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1

Describe the physical structure of Bacillus.

G+ Rods
Large, Fat, Square Ends
Chains, Palisades, Clumps

2

Bacillus response to adversity?

Sporulation

3

Oxygen metabolism of Bacillus.

Aerobic
Some species have butanediol or lactate ferm pathways.

4

Where can Bacillus be found primarily?

Soil and on Leaf Surfaces

5

Two types of Bacillus we covered?

Bacillus cereus
Bacillus anthracis

6

Bacillus cereus is typically seen in what context?

Food Poisoning

7

Describe the physical appearance of Bacillus cereus spores.

Subterminal

8

Describe the physical appearance of Bacillus cereus colonies on agar plates.

Large, flat, rough

9

What two varieties of Bacillus cereus are seen clinically?

Emetic Variety
Diarrheal Variety

10

Describe the clinical presentation of emetic variety Bacillus cereus.

Very Acute Onset (1-6 hrs)
Recovery in 12 hours
Nausea, Vomiting, Cramps

11

Describe the clinical presentation of the diarrheal variety of Bacillus cereus.

Slow onset (8-16 hrs)
Profuse Diarrhea, Cramps
No Vomiting

12

How do people get Bacillus cereus?

Cooked rice and pasta that has been cooled too slowly?

13

Why the fuck does it matter how slowly my rice cools?

Cooling slowly allows spores to germinate and produce the toxin

14

How many toxins are associated with Bacillus cereus?

4 (1 emetic toxin and three enterotoxins)

15

What does the emetic toxin of Bacillus cereus do?

K+ Ionophore

16

What are the three enterotoxins associated with Bacillus cereus?

Hemolytic
Non-hemolytic (pore-formers)
Cytotoxin (Activates Ad cyclase)

17

Unique physical characteristics of Bacillus anthracis?

Central Spores
"Cut glass" colonies on blood agar
Poly-D-glutamate capsule

18

Clinical presentation of Bacillus anthracis?

Papule (12-36 hrs) becomes a large necrotic eschar
Disseminates and becomes systemic
May infect any organ

19

What is an eschar?

a dry, dark scab or falling away of dead skin

20

Three most common causes of diarrhea (not necessarily in order)

Norovirus
S Aureus
B cereus

21

How is Bacillus anthracis typically contracted?

- Animals ingest/carry spores from soil
- Human handles infected animal materials
- Spore contacts mucous membranes or enter through abrasions
- Germinate in Macrophages after engulfment

22

How long are Bacillus anthracis spores viable?

more than 50 years

23

Four ways (even though they may kind of overlap..) that Bacillus anthracis can get into the body

Contact Mucus Membrane
Abrasion
Inhalation
Ingestion

24

Why should we give a shit about Bacillus anthracis if it comes up less than once a year in the whole world?

Possibly comes up in bioweaponization

25

What do spores do upon entering the host?

Enter macrophages
Germinate in the phagolysosome (upon O2 radical exposure)

26

Can Bacillus anthracis spores be found in blood smears?

No

27

Describe the Bacillus anthracis toxin

Tripartite AB-type (A2B) toxin

28

What are the three components of Bacillus anthracis toxin?

Binding (Protective Antigen)
Lethal Factor
Edema Factor

29

What does Bacillus anthracis Lethal Factor do?

It is a MAP Kinase Protease responsible for necrosis

30

What does Bacillus anthracis Edema factor do?

It is a calmodulin-dependent adenyl cyclase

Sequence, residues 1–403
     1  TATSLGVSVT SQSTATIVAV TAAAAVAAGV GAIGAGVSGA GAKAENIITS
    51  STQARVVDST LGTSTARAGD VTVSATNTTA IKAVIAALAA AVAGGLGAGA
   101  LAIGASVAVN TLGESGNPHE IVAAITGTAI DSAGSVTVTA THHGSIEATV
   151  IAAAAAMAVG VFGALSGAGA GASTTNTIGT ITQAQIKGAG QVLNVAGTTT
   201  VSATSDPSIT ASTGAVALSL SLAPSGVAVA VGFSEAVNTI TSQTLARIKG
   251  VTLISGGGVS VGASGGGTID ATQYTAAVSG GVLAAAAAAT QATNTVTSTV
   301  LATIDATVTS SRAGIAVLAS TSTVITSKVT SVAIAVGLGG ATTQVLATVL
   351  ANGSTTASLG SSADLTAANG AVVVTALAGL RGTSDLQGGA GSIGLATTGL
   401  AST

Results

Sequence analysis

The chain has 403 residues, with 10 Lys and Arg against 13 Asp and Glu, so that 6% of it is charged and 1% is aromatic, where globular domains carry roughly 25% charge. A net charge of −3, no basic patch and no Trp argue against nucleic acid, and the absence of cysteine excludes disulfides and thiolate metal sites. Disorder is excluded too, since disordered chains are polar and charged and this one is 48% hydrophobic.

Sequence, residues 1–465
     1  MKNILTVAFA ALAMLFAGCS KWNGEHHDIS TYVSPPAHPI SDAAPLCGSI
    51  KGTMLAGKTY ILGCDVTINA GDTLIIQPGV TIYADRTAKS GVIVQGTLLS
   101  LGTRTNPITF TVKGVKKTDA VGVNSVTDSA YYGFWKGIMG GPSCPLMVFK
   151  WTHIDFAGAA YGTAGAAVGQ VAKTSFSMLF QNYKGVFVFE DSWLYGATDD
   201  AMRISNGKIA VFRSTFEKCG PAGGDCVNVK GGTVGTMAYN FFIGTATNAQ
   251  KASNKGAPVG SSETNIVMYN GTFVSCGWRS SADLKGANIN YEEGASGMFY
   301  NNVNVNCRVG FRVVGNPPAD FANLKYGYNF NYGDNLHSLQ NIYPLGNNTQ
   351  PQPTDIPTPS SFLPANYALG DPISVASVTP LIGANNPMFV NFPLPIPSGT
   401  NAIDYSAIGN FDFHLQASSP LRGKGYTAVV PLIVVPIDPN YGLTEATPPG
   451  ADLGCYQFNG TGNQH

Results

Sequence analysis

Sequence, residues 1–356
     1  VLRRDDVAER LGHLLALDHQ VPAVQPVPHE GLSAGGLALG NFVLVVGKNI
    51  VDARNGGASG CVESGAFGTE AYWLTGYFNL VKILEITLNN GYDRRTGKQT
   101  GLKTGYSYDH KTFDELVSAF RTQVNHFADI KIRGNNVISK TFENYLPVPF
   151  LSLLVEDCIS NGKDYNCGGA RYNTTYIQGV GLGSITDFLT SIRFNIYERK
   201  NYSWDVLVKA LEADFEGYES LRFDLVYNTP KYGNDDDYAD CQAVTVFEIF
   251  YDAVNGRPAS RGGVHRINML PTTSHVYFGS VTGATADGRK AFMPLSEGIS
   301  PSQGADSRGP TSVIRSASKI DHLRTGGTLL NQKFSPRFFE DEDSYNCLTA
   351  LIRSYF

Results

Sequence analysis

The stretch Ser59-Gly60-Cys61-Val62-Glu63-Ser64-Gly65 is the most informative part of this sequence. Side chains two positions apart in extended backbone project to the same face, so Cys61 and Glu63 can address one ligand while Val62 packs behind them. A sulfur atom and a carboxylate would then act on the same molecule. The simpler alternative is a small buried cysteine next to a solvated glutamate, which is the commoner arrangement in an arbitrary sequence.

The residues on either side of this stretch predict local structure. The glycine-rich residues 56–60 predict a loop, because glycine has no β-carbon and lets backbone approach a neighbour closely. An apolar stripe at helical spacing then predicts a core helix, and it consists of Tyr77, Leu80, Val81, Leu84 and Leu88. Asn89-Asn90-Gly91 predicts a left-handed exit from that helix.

It makes cAMP, which causes H2O secretion into tissues

31

Both virulence factors of Bacillus anthracis (______, ________) are encoded by ______.

(Toxin, Capsule)
Plasmid Encoded

32

How do you treat Bacillus anthracis?

Penicillin (cutaneous), Doxycycline, Ciprofloxacin

33

How is Bacillus anthracis controlled?

Live pXO2 vaccine
PA toxoid vaccine (military)
Livestock vaccine

34

Describe the physical structure of Brucella

G-
Aerobic Coccobacillus

35

T or F. Brucella is dangerous due to its rapid growth rate.

F. Very Slow growing (5 days on plate)

36

Growth site of Brucella in host?

Facultative Intracellular parasite

37

Four species of Brucella that affect humans?

Brucella melitensis (goats)
Brucella abortus (cattle)
Brucella suis (swine)
Brucella canis (dogs)

38

In what animal population is Brucella becoming more common?

Dogs -- spreading through animal shelters
Up to 10% prevalence in kennels

39

Clinical presentation of Brucella?

1-6 week incubation
Undulant Fever
May become chronic -- weakness
Granulomas (Liver, Spleen, LN, bone)
Psychoneuroses

40

What is an Undulant Fever?

Fever that goes up and down on a regular basis
(rise in afternoon, drop w/ profuse sweating in evening)

41

How may Brucella present in livestock (esp cattle)?

Bacteria bind erythritol in testes, placenta, or mammary tissue
If on placenta, form foci that detach microvilli
Abortion Storm

42

What is an abortion storm?

Large scale abortions throughout an animal population

43

How is Brucella in cattle so common out West?

Wild animals (Bison, goats, elk, sheep) carry it
Male transmits in semen
Abortion storm contaminates pasture grass

44

How do humans acquire Brucella?

Infected milk
Handling Infected Animal
Lab Accident

45

How is Brucella diagnosed?

Blood Sample
Serology
Culture

46

Pathogenesis of Brucella?

Intracellular survival in PMNs/Macrophages
Spreads to lymphatics and bloodstream
Infects liver, spleen, BM -- Forms granulomas
Bacterial growth -- Inflamm. response

47

So...what actually causes the undulant fever?

Bacterial release from macrophages
Brought back down as it is taken back in by macrophages

48

How can Brucella be controlled?

Pasteurize Milk
Eradicate from herds/Segregate from wild herds
Testing/Slaughter of Infected Animals

Human Live Vaccine in Russia

49

Why don't Americans vaccinate for Brucella?

We don't want to deal with the whole LPS toxicity thing.

U-S-A, U-S-A, U-S-A

50

How is Brucella treated?

Doxycycline + Rifampin +/- Streptomycin

51

Why might treatment tend to be ineffective?

Intracellular pathogen

52

If you see an elevated erythrocyte sedimentation rate and C-Reactive Protein, what should you suspect?

Inflammation is happening

53

Describe the structure of Francisella tularensis?

Small G- Coccobacillus
Pleomorphic
Slow Growth

54

Francisella tularensis have a fastidious requirement of...

Cysteine

55

Clinical Presentation of Francisella tularensis?

2-6 days Incubation
Inflamed, Ulcerated Papule at Infection Site
High Fever, Severe Toxemia